a system of roads (excluding railroads) in the theater of military operations and outside its limits, used for military purposes. Military roads constitute the basis of military communication and have strategic, operational, and tactical significance. Strategic military roads include highways and improved roadways that provide contact between the theater of military operations and the rear areas of the country; operational military roads include roads for military vehicles built in the rear areas of the front; and tactical roads include all military roads built in the rear areas of forces and of troop concentrations or positions.
Existing roads may be used as military roads. In areas where there are not enough existing roads, military road crews build new ones or crews of military engineers lay cross-country tracks. A road headquarters and service crew are established at the military roads to patrol during the trans-port of troops, to guard and defend the basic roadway structures, and to keep the roads passable. Alternate and duplicate crossings over waterways are prepared, and, in places where roads cross highways on overpasses, viaducts are built; sharp curves are made less sharp and steep climbs and descents are made gentler; detours are set up around heavily populated areas.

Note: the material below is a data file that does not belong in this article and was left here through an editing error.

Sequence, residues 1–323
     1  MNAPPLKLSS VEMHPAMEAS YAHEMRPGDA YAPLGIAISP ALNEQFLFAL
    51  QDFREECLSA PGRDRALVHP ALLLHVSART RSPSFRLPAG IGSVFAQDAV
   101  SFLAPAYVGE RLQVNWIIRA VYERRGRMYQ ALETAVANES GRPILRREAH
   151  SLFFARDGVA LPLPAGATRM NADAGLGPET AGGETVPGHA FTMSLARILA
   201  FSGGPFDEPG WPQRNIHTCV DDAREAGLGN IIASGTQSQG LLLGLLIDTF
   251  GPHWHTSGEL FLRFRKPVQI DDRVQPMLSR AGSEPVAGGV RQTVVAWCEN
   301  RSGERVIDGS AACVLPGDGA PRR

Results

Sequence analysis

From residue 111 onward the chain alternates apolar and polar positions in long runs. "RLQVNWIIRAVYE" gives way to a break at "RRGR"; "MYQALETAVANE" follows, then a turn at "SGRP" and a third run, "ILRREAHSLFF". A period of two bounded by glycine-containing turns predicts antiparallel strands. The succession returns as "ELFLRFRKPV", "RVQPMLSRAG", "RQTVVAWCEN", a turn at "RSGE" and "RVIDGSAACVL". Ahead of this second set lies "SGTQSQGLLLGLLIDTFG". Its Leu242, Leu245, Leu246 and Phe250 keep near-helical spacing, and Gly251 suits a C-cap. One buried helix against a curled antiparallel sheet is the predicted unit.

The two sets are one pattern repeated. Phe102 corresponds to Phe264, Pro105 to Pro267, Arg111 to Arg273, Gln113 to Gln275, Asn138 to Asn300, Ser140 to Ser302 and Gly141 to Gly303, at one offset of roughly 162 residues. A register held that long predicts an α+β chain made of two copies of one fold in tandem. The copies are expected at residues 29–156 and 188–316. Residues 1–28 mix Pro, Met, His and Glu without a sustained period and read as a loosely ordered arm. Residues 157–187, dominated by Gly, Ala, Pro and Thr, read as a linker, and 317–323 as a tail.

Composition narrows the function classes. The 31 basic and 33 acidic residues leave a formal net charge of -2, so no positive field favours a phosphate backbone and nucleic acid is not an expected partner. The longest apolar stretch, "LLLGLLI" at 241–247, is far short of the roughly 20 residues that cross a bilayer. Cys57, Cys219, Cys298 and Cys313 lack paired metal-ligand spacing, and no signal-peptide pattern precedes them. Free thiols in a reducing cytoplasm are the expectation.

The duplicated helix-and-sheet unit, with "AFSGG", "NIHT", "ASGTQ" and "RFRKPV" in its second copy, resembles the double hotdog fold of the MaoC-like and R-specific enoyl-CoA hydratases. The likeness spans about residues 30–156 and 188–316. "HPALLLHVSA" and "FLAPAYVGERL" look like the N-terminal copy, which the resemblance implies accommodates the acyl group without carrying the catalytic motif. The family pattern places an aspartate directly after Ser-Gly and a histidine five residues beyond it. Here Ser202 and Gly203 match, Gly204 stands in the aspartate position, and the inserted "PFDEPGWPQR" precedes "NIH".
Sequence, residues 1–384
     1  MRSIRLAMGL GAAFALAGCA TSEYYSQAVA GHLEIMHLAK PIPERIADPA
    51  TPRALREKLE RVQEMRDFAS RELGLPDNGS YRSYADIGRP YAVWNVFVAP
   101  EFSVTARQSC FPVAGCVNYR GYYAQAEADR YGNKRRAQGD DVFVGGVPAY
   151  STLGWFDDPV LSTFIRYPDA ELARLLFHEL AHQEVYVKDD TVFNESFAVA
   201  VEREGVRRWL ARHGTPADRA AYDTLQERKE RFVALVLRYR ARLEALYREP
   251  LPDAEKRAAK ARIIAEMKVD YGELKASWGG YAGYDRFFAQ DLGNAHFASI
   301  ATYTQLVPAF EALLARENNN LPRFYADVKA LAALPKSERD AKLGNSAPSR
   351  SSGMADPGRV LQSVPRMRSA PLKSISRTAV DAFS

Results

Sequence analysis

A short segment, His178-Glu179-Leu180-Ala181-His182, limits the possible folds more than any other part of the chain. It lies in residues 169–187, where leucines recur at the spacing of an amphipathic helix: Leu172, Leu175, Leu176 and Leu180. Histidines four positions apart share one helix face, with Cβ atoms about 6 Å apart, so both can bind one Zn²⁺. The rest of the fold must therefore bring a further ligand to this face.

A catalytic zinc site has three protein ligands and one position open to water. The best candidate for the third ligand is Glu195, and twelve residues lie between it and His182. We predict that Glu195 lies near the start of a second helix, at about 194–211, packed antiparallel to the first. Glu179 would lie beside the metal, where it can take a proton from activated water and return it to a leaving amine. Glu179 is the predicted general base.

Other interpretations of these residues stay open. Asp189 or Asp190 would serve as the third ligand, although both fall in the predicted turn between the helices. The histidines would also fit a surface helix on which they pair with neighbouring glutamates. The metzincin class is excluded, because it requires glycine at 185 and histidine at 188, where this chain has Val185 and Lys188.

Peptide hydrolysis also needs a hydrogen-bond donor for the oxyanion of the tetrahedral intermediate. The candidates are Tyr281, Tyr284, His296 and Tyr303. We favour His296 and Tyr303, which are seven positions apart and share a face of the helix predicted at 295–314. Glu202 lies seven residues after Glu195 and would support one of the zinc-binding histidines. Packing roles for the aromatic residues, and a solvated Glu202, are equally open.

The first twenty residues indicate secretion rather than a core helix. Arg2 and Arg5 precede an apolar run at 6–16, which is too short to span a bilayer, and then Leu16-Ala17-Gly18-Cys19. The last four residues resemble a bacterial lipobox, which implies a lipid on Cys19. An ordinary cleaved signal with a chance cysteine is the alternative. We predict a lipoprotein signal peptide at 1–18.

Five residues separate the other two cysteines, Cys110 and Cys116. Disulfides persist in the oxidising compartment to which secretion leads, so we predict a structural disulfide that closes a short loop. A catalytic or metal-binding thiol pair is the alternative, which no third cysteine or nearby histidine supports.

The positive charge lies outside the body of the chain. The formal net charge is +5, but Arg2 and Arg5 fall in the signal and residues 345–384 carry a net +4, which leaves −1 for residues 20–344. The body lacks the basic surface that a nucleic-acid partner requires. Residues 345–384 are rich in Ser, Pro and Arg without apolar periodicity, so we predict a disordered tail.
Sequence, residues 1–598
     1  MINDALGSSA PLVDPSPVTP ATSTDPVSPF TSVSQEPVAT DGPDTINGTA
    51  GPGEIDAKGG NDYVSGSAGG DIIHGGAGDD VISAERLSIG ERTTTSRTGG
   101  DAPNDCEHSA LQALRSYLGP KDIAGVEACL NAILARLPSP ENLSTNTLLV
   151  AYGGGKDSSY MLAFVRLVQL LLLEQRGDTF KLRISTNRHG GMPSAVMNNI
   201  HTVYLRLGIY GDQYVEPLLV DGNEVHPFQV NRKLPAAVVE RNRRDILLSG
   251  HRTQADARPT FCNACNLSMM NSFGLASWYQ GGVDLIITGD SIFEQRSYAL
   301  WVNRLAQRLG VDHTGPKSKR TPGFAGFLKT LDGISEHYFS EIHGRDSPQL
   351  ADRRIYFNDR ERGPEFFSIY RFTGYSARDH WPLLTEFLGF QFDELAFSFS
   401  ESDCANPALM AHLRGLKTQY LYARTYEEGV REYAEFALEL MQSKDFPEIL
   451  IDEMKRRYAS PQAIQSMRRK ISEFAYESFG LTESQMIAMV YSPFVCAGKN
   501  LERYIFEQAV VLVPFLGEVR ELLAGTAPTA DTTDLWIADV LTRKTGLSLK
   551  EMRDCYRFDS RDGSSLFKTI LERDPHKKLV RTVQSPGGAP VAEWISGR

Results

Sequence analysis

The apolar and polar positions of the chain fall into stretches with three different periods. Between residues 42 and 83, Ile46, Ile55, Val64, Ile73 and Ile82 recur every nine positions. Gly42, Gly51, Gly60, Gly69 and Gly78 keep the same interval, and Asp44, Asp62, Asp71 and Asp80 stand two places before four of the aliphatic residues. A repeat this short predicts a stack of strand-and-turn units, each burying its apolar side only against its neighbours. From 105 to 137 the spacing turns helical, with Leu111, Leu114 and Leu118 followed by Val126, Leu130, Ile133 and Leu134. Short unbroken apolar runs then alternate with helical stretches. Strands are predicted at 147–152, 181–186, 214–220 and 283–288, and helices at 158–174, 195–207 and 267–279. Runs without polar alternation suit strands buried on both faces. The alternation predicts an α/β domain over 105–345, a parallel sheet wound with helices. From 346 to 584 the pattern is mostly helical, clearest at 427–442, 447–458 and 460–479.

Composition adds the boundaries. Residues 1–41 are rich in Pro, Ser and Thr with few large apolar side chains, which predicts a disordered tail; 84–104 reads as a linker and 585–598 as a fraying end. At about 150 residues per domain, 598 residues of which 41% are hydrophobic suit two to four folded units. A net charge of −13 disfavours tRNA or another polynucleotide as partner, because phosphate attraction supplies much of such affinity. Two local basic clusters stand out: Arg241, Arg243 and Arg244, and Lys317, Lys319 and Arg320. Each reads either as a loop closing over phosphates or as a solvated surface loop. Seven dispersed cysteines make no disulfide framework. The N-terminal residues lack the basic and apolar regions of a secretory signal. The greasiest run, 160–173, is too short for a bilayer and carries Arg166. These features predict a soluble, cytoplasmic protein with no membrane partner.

Military roads have played an important role in military operations since ancient times. They have been especially significant since World War I (1914-18), when motor vehicle transport was first used for military purposes, thus increasing the importance of roads. The use of motor vehicles and the need to supply troops with various types of military technical equipment and to transport large mechanized units long distances have added to the operational and strategic importance of military roads. In modern times, military roads are a decisive factor in the success of large-scale maneuver and the increase of movement capability of troops.
G. F. SAMOILOVICH